The Maltese Falcon (1941)


Sam Spade is among the most famous fictional private detectives despite being featured in only one full-length book: Dashiell Hammett's The Maltese Falcon.  He popped up in some short stories and a radio program that had Hammett's involvement, but everything one needed to know about the detective was contained within the one story.  Despite not being described to look anything like Humphrey Bogart, it is Bogart that one pictures when the name is said.  While he had a number of roles in crime films and Westerns under his belt, including some memorable ones, it was as Sam Spade that he finally got his belated star turn. 

This was also a first for John Huston, who had been a scriptwriter for a while and got sick of actors deciding they knew better than him and having his work rewritten.  He also was not happy with either of the two adaptations of Hammett's novel that had been produced in the 1930s, and felt that he could do a lot better.  Warner Bros. wasn't so sure, so Huston was handed a meager budget to prove himself, and managed to both come in under budget but also give the world a movie that would be the cornerstone for an entire new genre known as film noire.  

Spade (Bogart) and his partner Miles Archer (Jerome Cowan) are hired by a woman (Mary Astor) to trail a man she fears may do harm to her sister-in-law.  When Archer is killed and suspicion falls on Spade, he begins to look into what was behind the job, and finds that the woman was Brigid O'Shaughnessy, who with her lover doublecrossed an obsessed antiques dealer and crime lord named Kasper Gutman (Sydney Greenstreet) and her other partner Joel Cairo (Peter Lorre) to steal a jewel-encrusted statue of a falcon. 

This is one of the early movies to feature what Alfred Hitchcock would later refer to as a "McGuffin," which is an object that is given some importance to get the action in the story going but ultimately is inconsequential in its conclusion.  While O'Shaughnessy, Gutman and Cairo worry about getting their hands on an object they think has high worth, Spade is willing to play along in his own way, although his only concern is untying himself from the knot of intrigue he unwillingly became a part of.  

The poster is quite misleading, as Spade announces early on that he doesn't like guns and refuses to use them.  Humphrey Bogart has a physicality about him that doesn't make this as strange as it may seem, often easily besting Cairo as well as Gutman's muscle, Wilmer (Elisha Cook Jr.).  It is the tension between Spade and Wilmer that provides a good deal of the fun, although watching him play all the different sides until he finds out what he needs to know is just as enjoyable.  Spade loves a mystery, so it's no surprise that he falls for O'Shaughnessy and her seeming distress, which Mary Astor gets across quite well, especially when the fa├žade drops.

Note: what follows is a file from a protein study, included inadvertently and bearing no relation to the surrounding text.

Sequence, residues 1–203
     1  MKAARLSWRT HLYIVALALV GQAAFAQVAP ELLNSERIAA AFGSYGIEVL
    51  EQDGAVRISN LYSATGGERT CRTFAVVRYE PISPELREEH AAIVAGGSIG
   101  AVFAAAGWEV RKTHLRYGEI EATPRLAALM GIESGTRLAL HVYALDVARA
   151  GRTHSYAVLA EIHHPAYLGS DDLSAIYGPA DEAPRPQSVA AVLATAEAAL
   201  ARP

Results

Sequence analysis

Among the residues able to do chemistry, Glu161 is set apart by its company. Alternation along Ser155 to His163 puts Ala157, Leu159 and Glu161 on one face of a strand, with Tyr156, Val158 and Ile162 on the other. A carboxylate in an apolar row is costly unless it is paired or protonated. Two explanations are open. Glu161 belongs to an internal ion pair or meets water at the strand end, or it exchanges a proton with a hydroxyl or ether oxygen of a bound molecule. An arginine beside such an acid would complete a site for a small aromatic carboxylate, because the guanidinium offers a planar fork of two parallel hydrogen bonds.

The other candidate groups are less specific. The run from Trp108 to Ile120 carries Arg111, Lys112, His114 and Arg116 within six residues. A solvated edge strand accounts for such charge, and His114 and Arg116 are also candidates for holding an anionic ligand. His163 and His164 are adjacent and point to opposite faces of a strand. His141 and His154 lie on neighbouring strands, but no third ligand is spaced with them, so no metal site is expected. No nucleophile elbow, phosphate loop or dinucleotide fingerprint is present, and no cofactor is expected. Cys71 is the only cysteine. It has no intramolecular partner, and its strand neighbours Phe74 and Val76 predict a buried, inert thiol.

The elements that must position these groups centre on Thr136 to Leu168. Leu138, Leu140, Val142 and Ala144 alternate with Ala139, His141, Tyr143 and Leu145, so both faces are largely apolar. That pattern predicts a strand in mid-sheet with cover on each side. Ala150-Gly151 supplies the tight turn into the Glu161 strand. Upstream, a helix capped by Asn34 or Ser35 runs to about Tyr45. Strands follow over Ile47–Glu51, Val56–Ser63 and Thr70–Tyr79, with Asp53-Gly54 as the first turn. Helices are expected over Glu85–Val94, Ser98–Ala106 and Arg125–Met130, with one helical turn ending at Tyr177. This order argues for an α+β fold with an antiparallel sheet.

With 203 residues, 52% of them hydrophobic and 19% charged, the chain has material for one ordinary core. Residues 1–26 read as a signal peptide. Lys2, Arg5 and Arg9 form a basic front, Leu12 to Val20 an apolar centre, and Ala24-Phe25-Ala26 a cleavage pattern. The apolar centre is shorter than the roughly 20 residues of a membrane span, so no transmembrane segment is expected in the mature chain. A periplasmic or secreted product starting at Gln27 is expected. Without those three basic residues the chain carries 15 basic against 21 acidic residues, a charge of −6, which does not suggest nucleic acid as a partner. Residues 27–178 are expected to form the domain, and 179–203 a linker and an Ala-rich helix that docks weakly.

While famous for getting the term "gunsel" past the censors, it really wasn't as subversive as stories make it out to be, as it seems Huston didn't really know what it meant either.  Besides, it did have other meanings than catamite, such as fall guy, which is what Wilmer becomes, and probably the reason Hammett used it in his book as a double entendre.  What is strange is how blatantly (for the time) homosexual Joel Cairo is, even though Peter Lorre, to his credit, doesn't camp it up or do anything that would be considered stereotypical other than have certain feminine affectations.  As for Gutman, other than the black bird being his white whale, we really don't get much of a read from him other than he lacks even the moral compass of O'Shaughnessy or Cairo.  Sydney Greenstreet, in his screen debut, certainly makes for a striking central villain, especially since we don't get any more back story from him than what is necessary.

John Huston, for his part, keeps everything as tight as possible, creating an atmosphere in which all the main actors could give their best performances while also moving the story along at a quick pace.  Partially Hammett and partially Huston, the dialogue in The Maltese Falcon still influences crime films to this day, and is certainly one of the go-tos (along with The Big Sleep and Double Indemnity) when anyone decides they want to do a classic detective parody.  It is one of the situations where everything came together right by design rather than accident, which is much rarer than one would expect.  

The other thing I enjoy is that The Maltese Falcon flaunts a number of Hays Code rules while also cleverly staying within them and not making the requirements seem out of place.  Most of the film concludes off-screen.  What does happen on-screen, a final monologue showing Spade's moral dilemma when deciding what to do with O'Shaughnessy, is as brilliant as Bogart's scenes with Ingrid Bergman in the following year's Casablanca.  It is inevitable what he must do, but the conflict and pain is clear on his face throughout.  These performances are something that gets forgotten with all the imitations and parodies over the years. 

The Maltese Falcon (1941)
Time: 100 minutes
Starring: Humphrey Bogart, Mary Astor, Peter Lorre, Sydney Greenstreet, Elisha Cook Jr.
Director: John Huston

 

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